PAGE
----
British riders hold all aces

Four days after celebrating on the Champs Elysees, British riders are still buzzing from a monumental Tour de France campaign and, beaming with confidence, look to ride the crest to kick start their Olympic campaign in style.  

Four years after winning eight Olympic cycling gold medals, seven of them on the track, Britain have taken road racing by storm with Wiggins claiming the Tour title in a British one-two ahead of Chris Froome. 

On Saturday, world champion Cavendish, backed by what Team GB riders hail as the "best British Olympic road race ever assembled", will be the favourite for the Olympic road race on the 250-km (155 miles) course starting from The Mall in London.  
Four of the five riders in Team GB won a stage on the Tour de France this year, including Cavendish taking the last two sprint stages by decimating his rivals.

"It's difficult to calibrate anything like that but it (the Tour de France campaign)
gives the whole team a lift," team principal David Brailsford, who oversaw Team Sky's Tour campaign, told reporters at Foxhills, a quiet countryside retreat in Surrey on Thursday.

Brailsford paid a visit to the British track team, and Team Sky's performance on the Tour was the main item of discussion. "They're all just buzzing from it, the riders themselves, the sprinters, Chris Hoy, Vickie (Pendleton), all the pursuit team they're all on a high from it," he said.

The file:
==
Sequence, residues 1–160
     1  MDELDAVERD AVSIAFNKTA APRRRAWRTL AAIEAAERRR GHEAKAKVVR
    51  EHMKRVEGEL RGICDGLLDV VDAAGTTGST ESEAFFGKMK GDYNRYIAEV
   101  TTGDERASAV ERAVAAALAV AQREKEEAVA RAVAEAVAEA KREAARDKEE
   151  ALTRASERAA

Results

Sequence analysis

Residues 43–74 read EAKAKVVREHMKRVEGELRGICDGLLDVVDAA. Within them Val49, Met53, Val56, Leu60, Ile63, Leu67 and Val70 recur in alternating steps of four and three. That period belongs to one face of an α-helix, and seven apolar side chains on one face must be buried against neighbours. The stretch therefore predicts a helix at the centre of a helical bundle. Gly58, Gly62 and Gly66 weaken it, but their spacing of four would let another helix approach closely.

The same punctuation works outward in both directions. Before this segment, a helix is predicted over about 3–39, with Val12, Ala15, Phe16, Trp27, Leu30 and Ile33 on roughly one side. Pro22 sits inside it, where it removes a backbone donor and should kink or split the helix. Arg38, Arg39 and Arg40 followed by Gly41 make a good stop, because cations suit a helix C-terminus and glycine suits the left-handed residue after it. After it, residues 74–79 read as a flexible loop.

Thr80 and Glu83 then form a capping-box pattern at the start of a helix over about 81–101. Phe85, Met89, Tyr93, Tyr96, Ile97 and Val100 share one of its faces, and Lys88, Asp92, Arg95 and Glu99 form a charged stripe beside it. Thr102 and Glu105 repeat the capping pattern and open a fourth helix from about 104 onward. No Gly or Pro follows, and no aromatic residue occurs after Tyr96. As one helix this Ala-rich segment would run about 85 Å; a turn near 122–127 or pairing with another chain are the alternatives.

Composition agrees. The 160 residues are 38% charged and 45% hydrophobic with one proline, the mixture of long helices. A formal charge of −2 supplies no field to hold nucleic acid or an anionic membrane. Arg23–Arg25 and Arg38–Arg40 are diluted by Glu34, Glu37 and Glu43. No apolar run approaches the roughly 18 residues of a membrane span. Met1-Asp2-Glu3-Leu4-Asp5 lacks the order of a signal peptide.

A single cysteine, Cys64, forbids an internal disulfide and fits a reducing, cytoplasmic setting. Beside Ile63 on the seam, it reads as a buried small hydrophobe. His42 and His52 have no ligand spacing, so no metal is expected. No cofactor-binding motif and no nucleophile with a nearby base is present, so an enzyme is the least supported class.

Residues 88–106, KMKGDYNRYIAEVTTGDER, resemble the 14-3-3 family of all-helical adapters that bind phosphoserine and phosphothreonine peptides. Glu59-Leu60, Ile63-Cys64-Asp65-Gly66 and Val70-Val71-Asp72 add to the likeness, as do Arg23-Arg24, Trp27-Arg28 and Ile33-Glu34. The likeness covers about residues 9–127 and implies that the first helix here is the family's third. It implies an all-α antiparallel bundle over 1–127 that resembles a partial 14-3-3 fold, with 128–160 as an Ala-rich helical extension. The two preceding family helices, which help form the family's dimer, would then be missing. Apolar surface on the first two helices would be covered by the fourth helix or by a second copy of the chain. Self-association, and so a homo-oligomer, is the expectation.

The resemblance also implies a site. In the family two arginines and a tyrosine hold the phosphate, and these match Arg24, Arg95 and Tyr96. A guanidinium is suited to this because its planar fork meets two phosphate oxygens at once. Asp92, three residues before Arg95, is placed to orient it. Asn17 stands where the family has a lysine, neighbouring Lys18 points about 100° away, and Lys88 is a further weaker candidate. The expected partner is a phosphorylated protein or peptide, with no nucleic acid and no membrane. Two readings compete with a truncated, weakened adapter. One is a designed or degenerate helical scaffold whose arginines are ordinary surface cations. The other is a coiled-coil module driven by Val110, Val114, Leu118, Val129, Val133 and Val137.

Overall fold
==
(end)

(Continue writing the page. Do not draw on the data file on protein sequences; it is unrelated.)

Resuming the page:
"We will be relishing to carry the momentum from the Tour. They haven't switched off. It captured a lot of people's imagination and raised the interest in cycling, it's the perfect way to step into the Olympic arena and get the first medal on the first day,’’ Brailsford explained.

"We're buzzing," admitted Cavendish, who believes he is part of a "dream team" and revealed he considered quitting the Tour de France after a gruelling stage in the Alps. "If we want to win this bike race we could not be in a better situation,’’ he added.

Britain are so confident they can execute their plan that they have not thought of any plan B should Cavendish have a bad day. "He's plan A and the rest of the alphabet," said Brailsford.

Wiggins will make sure everything goes according to plan as he is expected to "exhaust himself" to help Cavendish win the gold medal after having the world champion at his service during the Tour, according to Brailsford.

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